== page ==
Volume III, Issue 12, Page 30

This GM engine family, commonly called the LS series, debuted in the 1997 C5 Corvette as the all aluminum LS1 V8, AKA the Gen-III small-block V8. The following year, the LS1 replaced the LT1 small-block in Camaros and Firebirds, which was followed by the iron-block version of the Gen-III V8 appearing in the full size trucks and SUVs. The LS1 displaced 5.7 liters, similar to the previous-generation small-block, but the cubic-inch measurement differed slightly: 346 for the LS1 Vs the traditional 350.

In 1999, the Gen-III platform spawned the high-performance LS6 that was standard in the Corvette Z06. In 2005, the Gen-IV branch of the LS family was born, differing from the Gen III with cast-in provisions for fuel-saving cylinder deactivation, larger displacements and revised camshaft sensing. The performance versions of the Gen-IV include the LS2, LS3, LS9 supercharged, LSA supercharged, and the LS7.

Though GM has continued to refer its modern V-8 engine family as Gen-III and Gen-IV, but enthusiasts quickly grasped the tremendous performance potential of the engines, every engine based on the platform has been nicknamed “LSX.” The range of production engines from the LS platform is wide. On the truck side, iron-block engines have included 4.8L and 5.3L versions, as well as all-aluminum 6.0L and 6.2L premium engines. Car engines include 5.3L, 5.7L, 6.0L, 6.2L and 7.0L displacements – including some configured for front-wheel-drive.

Gen-III Vs Gen-IV

Despite some significant differences between Gen-III and Gen-IV cylinder blocks, all LS engines share common traits that include:

  • 4.40-inch bore centers (like the original small-block)

  • Though some LS, according to use, are built stronger than others, they all share the stabilization of a deep-skirt cylinder block, 4-bolt main bearing caps, and 2 horizontal bolts.

    Six-bolt, cross-bolted main bearing caps

  • Center main thrust bearing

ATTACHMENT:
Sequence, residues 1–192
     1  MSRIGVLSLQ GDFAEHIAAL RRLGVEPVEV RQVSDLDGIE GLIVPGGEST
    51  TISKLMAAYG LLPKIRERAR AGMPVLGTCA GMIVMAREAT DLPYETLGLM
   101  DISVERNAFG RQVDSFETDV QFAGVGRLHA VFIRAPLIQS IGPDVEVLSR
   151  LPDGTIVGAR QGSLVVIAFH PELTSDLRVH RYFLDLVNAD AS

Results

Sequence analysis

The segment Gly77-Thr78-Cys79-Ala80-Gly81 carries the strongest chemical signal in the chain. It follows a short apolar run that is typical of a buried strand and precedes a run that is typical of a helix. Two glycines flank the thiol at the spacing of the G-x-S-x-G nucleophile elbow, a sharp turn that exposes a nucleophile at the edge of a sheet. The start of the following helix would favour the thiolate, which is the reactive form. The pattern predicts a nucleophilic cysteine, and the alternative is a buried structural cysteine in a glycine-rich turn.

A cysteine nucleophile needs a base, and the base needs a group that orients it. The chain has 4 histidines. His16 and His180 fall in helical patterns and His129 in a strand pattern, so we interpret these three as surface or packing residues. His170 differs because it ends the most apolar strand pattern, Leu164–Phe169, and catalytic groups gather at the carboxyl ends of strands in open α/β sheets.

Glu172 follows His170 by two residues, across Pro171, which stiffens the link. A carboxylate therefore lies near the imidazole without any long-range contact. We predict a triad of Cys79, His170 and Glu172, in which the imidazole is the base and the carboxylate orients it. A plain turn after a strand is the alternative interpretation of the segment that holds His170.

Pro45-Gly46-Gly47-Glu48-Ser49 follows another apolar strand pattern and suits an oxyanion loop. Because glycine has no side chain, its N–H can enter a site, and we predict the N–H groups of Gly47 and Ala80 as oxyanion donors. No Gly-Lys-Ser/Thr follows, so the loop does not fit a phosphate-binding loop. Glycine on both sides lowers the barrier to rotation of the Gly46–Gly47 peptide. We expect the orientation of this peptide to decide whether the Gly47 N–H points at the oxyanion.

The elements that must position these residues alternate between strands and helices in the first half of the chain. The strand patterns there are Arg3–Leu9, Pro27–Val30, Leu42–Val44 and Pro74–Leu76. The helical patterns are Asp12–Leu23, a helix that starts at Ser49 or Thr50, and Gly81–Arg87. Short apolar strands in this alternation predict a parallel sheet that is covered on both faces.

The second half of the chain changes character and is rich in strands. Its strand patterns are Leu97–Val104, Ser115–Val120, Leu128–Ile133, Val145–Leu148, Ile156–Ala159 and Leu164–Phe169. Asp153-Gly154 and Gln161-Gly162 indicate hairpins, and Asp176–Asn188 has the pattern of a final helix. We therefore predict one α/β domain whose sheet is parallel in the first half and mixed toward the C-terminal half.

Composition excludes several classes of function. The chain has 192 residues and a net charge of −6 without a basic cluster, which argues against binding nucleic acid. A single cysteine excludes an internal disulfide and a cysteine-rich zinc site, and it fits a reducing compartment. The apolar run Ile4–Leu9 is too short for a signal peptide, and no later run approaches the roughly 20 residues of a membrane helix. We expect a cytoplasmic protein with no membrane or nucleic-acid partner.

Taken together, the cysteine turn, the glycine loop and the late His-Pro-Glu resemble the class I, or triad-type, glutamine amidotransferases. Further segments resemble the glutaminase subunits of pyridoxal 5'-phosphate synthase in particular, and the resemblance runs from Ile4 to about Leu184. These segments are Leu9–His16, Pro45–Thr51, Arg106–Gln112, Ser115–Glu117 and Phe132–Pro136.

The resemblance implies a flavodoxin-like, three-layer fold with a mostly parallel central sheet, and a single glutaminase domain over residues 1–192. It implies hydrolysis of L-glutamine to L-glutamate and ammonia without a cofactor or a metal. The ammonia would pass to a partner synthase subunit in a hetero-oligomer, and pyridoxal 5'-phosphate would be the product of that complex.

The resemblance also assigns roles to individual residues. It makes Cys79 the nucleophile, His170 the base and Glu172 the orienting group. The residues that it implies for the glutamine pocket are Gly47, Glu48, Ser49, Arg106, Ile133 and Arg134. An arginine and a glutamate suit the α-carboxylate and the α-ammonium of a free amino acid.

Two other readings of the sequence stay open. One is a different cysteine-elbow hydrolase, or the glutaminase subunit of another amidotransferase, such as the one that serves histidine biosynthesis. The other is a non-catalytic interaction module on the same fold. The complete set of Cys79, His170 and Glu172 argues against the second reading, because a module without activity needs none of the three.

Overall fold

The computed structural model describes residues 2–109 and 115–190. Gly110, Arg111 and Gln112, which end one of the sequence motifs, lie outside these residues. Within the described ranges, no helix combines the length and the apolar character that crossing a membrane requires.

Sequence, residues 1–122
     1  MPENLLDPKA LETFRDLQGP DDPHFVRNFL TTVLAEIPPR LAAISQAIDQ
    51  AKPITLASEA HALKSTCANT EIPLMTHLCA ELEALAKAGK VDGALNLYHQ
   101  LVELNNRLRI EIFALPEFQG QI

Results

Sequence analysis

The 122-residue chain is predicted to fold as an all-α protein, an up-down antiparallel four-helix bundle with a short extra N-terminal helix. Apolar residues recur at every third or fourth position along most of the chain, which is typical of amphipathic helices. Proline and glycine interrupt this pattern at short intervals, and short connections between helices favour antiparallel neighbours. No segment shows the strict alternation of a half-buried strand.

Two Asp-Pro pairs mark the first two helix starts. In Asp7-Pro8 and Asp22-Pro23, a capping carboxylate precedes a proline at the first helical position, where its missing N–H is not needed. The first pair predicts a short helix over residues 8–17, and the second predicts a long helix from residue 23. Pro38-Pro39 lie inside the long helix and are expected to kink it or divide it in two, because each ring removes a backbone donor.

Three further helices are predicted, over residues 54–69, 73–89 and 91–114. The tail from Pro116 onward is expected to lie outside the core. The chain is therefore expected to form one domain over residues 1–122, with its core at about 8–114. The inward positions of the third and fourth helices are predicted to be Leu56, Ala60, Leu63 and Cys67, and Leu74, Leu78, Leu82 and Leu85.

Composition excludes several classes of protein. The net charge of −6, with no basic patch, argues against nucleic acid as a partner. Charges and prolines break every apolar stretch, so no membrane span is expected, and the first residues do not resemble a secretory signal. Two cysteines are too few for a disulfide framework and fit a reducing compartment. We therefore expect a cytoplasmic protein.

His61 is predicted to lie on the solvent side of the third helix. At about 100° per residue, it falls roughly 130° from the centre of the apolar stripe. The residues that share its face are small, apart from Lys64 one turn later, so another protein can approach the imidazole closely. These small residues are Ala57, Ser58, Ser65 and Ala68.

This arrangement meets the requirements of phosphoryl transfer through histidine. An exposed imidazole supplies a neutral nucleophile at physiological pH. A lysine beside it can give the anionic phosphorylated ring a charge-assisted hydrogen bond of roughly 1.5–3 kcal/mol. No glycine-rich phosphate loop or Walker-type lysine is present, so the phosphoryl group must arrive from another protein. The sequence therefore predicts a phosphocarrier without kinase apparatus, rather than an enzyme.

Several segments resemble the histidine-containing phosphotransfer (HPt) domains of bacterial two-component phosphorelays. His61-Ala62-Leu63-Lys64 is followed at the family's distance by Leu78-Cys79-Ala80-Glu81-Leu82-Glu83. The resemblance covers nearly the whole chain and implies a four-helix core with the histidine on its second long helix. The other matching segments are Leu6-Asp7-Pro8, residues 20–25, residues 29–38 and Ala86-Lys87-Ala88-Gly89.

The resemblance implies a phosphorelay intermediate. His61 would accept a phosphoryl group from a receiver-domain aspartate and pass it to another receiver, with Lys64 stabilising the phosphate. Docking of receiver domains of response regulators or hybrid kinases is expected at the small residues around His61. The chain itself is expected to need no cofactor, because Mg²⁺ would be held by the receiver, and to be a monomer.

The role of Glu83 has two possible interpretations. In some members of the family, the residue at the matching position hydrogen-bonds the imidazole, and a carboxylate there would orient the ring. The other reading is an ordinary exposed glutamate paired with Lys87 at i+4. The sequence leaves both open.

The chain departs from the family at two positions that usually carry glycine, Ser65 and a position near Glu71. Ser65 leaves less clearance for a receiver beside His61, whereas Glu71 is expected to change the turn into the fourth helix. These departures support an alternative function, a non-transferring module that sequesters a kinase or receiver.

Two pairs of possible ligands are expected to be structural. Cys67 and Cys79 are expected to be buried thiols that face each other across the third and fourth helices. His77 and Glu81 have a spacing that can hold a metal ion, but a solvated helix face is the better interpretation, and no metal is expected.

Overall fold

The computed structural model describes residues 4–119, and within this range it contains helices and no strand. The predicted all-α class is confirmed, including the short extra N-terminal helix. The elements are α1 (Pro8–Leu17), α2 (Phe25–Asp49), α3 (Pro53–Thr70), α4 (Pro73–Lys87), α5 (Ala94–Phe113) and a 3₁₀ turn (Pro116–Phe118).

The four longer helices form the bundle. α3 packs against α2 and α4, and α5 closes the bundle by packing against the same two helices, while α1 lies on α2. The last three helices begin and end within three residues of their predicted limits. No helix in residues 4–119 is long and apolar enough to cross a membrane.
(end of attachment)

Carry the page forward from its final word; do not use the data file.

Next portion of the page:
• 9.24-inch deck height

  • Four-bolt-per-cylinder head bolt pattern

  • 0.842-inch lifter bores

  • Distributorless, coil-near-plug ignition system

Hands down the best manual of its type, GM engineer Will Handzel’s LS1/LS6 compilation is a must for the home-builder and shop builder alike. 

The most distinguishing differences between Gen-III and Gen-IV cylinder blocks are larger bores (on some engines), different camshaft position sensor locations--indicated by a move to the front timing cover area on Gen-IV blocks versus the  top-rear position on Gen-III blocks-- and, on most Gen-IV blocks, cast-in provisions for GM’s Active Fuel Management cylinder deactivation system in the lifter valley.

There is great interchangeability between all LS engines, including Gen-III and Gen-IV versions. Cylinder heads, crankshafts, intake manifolds and more can be mixed and matched – but the devil is in the details. Not every head matches every intake manifold and not every crankshaft works with every engine combination. Will Handzel’s “How to Build High-Performance Chevy LS1/LS6 V-8s” (P/N 88958786) is a great reference source that outlines the more specific differences and interchangeability among Gen III-based engines.


LS1 5.7L (346ci) engines were produced between the 1997 and 2004 model years in the United States (Corvette, Camaro, Firebird and GTO) and stretched into 2005 in other markets (primarily Australia). The LS6 was introduced in 2001 in the Corvette Z06 and was manufactured through 2005, where it also was found in the first generation of the Cadillac CTS-V. The LS1 and LS6 share a 5.7L displacement, but the LS6 production engine uses a unique block casting with enhanced strength, greater bay-to-bay breathing capability and other minor differences. The cylinder heads, intake manifolds and camshaft also are unique to the LS6.